boygenius Are Compatible, Not Comparable
Unlike most supergroups, the debut EP from the songwriting team of Phoebe Bridgers, Julien Baker, and Lucy Dacus invites listeners to hear each artist as an individual.
MEMBERS: Phoebe Bridgers, Julien Baker, and Lucy Dacus
FROM: Los Angeles, Memphis, and Richmond, respectively
YOU MIGHT KNOW THEM FROM: Phoebe Bridgers’ clever and heartbreaking Stranger in the Alps; Lucy Dacus’s introspective breakthrough, Historian; Julien Baker’s tear-jerking Turn Out the Lights
NOW: New friends who took five days off from their regular touring lives to record six epic folk songs
Imagine Lucy Dacus, Phoebe Bridgers, and Julien Baker standing around a single mic in the lobby of Sound City, the legendary LA studio where Neil Young recorded After the Gold Rush. They’re singing “Ketchum, ID,” the final track on the EP they made together, just about twenty-five minutes after they finished writing it. They nail it in one take.
The EP in question is titled boygenius, the same name the three wildly talented twentysomethings decided to call the supergroup they formed after booking the US tour they’re embarking on. Julien was the hub of this particular wheel; she became friends with Phoebe and Lucy separately, after each of them opened for one of her shows in 2016. She’s a warm presence on the phone from just outside Malmö, Sweden, when she tells me it all arose organically. Obviously, she says, the tour was the perfect opportunity to perform something together. At first they thought they’d do a cover, then maybe an original song—and maybe release a single with a B-side. And then there was a Google Drive folder, with ideas for lyrics and Voice Memos containing melodies.
Lucy and Julien flew out to LA, Phoebe’s hometown, in June. It was the first time they spent together as a trio, and to call it successful would be an understatement. They spent a day writing and rehearsing, and the rest in the studio: five days brewing up six knockout songs. They’re the kind of women who typically write their own songs alone, Lucy tells me from her living room in Richmond, Virginia, and they were all pleasantly surprised at what a joy it was to work with people who truly, truly understood them. It came easily.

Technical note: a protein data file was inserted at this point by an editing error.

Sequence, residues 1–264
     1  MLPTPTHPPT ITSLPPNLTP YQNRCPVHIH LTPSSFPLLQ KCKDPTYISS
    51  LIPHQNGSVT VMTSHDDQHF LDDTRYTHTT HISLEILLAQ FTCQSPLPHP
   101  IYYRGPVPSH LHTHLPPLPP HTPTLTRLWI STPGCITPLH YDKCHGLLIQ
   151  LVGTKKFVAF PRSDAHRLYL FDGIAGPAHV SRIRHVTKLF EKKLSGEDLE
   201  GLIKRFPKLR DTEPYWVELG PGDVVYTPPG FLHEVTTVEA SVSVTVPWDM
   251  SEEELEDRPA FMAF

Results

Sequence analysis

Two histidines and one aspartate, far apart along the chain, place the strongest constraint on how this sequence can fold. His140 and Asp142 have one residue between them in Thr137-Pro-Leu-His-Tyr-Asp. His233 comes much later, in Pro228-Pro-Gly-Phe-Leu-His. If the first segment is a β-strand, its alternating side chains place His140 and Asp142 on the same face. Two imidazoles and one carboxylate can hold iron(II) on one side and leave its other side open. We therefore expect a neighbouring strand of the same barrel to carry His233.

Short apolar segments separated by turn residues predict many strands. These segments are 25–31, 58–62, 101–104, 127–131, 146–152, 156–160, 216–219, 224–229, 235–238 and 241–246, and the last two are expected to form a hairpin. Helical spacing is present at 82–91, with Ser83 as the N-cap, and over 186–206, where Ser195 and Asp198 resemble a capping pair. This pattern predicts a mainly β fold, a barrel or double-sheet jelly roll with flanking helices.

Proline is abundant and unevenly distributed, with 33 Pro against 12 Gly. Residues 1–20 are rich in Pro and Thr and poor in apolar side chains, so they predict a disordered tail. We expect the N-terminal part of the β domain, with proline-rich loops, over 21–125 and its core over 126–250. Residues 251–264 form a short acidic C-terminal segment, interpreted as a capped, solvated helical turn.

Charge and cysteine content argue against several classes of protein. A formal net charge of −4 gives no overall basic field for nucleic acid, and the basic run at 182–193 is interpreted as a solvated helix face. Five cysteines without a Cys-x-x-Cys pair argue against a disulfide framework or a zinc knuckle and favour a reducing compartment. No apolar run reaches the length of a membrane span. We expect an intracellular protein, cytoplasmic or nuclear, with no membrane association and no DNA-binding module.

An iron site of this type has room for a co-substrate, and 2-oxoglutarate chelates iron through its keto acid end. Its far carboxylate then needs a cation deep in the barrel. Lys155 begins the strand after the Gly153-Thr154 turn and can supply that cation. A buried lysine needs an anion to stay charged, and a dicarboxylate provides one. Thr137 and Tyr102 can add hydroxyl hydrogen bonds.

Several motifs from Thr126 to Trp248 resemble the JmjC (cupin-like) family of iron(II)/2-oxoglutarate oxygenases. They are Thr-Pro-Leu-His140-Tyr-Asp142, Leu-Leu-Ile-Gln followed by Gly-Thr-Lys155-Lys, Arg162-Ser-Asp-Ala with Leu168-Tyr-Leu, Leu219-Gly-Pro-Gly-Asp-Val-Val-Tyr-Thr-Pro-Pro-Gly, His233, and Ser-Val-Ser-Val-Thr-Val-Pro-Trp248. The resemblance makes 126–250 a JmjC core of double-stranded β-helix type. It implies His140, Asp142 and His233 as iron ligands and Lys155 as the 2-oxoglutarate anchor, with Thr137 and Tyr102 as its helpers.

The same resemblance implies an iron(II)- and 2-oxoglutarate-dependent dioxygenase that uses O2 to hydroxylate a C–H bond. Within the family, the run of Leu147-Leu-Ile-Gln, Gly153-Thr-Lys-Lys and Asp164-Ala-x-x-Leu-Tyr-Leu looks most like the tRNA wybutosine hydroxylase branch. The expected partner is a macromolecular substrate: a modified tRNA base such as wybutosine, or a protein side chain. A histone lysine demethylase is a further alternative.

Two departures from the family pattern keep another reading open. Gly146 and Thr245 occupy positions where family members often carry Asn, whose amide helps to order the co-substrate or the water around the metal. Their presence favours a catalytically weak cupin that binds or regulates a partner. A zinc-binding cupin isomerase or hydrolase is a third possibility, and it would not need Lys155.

“As we wrote lines, we broke each other’s hearts.” — Lucy Dacus
“We treat each other as peers,” Phoebe explains on the phone from LA. It has something to do with being women around the same age and positions in their musical lives—they all make forceful, folk-minded songs of a highly personal and emotional nature. But it’s more than that. There’s a certain empathy and wisdom beyond their years that they share, too. They let each other be heard.
Calling boygenius a supergroup gives it “the respect it deserves,” Phoebe says, of the term that’s more often than not used to refer to the projects of men. That they all took time out of their very busy lives and crazy tour schedules to make this gives it a unique power. It is decidedly not a side project. Its energy calls to mind the 1987 and 1999 Trio recordings of Dolly Parton, Emmylou Harris, and Linda Ronstadt; Julien says she was thinking about case/lang/veirs, the album Neko Case, k.d. lang, and Laura Veirs made in 2016. But whereas those albums were recorded with the help of men, boygenius was purely the product of Julien, Phoebe, and Lucy.